Task force launched to verify safety of blending hydrogen with natural gas through city gas network

By Lim Chang-won Posted : February 8, 2022, 15:42 Updated : February 8, 2022, 15:42

[Gettyimages Bank]

SEOUL -- A government-initiated task force was launched in South Korea to test the safety of mingling hydrogen with natural gas through a nationwide network of city gas pipes. The goal is to reduce greenhouse gas emissions by blending 20 percent of hydrogen into city gas by 2026.

A pilot facility will be built in a base run by Korea Gas Corporation (KOGAS) in Pyeongtaek, about 60 kilometers (37 miles) south of Seoul, in the second quarter of 2022. From 2024, the demonstration will be promoted in the actual urban gas piping network in limited areas.

The Ministry of Trade, Industry and Energy formed a task force with three gas-related public enterprises and the state-run Korea Institute of Energy Technology Evaluation and Planning (KETEP). "It is very meaningful that hydrogen can become a major energy source for home and industrial facilities as well as transportation fuels," Second Vice Minister Park Ki-Young said in a ceremony on February 8.

Park touted the mixture of city gas and hydrogen as a "realistic" way to reduce greenhouse gas emissions and expand the supply of hydrogen. However, he called for the thorough verification of safety, saying the city gas piping network connected to more than 20 million facilities is directly related to public safety.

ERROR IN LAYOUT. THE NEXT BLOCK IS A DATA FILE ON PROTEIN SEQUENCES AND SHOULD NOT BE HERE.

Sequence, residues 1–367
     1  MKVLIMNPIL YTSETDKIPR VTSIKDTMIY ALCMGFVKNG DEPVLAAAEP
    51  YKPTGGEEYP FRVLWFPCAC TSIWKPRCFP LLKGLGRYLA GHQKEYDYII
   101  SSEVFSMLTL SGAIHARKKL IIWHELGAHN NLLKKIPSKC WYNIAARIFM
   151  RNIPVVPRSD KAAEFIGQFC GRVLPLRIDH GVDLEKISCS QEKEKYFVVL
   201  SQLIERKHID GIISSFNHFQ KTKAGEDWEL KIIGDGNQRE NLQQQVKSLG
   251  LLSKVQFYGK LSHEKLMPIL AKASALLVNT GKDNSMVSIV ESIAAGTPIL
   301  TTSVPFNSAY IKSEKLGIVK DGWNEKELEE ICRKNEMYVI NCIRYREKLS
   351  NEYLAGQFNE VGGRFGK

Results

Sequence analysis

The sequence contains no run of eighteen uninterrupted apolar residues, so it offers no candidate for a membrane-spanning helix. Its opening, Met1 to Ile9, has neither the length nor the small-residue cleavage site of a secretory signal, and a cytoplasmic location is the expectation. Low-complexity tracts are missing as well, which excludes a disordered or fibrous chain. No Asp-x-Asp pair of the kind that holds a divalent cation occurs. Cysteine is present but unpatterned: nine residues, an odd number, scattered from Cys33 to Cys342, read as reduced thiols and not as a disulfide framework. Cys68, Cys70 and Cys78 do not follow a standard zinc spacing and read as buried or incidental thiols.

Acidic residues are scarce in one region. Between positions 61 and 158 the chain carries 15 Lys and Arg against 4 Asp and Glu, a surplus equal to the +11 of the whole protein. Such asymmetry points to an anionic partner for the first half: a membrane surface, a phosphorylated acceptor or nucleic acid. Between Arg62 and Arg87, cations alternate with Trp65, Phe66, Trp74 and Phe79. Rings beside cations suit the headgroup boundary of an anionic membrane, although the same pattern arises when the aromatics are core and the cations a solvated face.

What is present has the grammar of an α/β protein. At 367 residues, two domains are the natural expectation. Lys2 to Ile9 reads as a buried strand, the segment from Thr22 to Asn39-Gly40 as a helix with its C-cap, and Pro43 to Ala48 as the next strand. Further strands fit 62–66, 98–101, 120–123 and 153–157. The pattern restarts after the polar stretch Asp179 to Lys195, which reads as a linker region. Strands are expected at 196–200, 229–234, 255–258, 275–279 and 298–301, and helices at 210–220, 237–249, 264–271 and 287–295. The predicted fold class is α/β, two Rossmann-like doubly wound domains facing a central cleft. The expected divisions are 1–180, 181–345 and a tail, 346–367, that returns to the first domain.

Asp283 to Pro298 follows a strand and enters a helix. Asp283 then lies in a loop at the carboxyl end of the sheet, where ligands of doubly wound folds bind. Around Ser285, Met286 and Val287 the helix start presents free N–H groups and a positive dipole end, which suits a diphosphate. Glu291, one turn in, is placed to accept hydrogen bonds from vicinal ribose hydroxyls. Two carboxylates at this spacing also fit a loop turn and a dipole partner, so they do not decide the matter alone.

The project is aimed at helping people gain easy access to hydrogen through a nationwide city gas network stretching about 50,000 kilometers (31,068 miles) before a hydrogen-only piping network is established. When 10 volume percent (vol%) of hydrogen is mixed with city gas, South Korea will be able to reduce  3.55 million tons of carbon dioxide and natural gas consumption by 1.29 million tons per year, the ministry said. South Korea's annual natural gas consumption was estimated at 40 million tons.

Blending hydrogen into a natural gas pipeline network can accommodate significant volumes of hydrogen. Due to the properties of hydrogen, it is not possible to simply exchange natural gas for hydrogen in the existing natural gas system. Some metal pipes can degrade when they are exposed to hydrogen over long periods. The ministry emphasized the importance of perfect verification to address concerns about embrittlement and leakage. 

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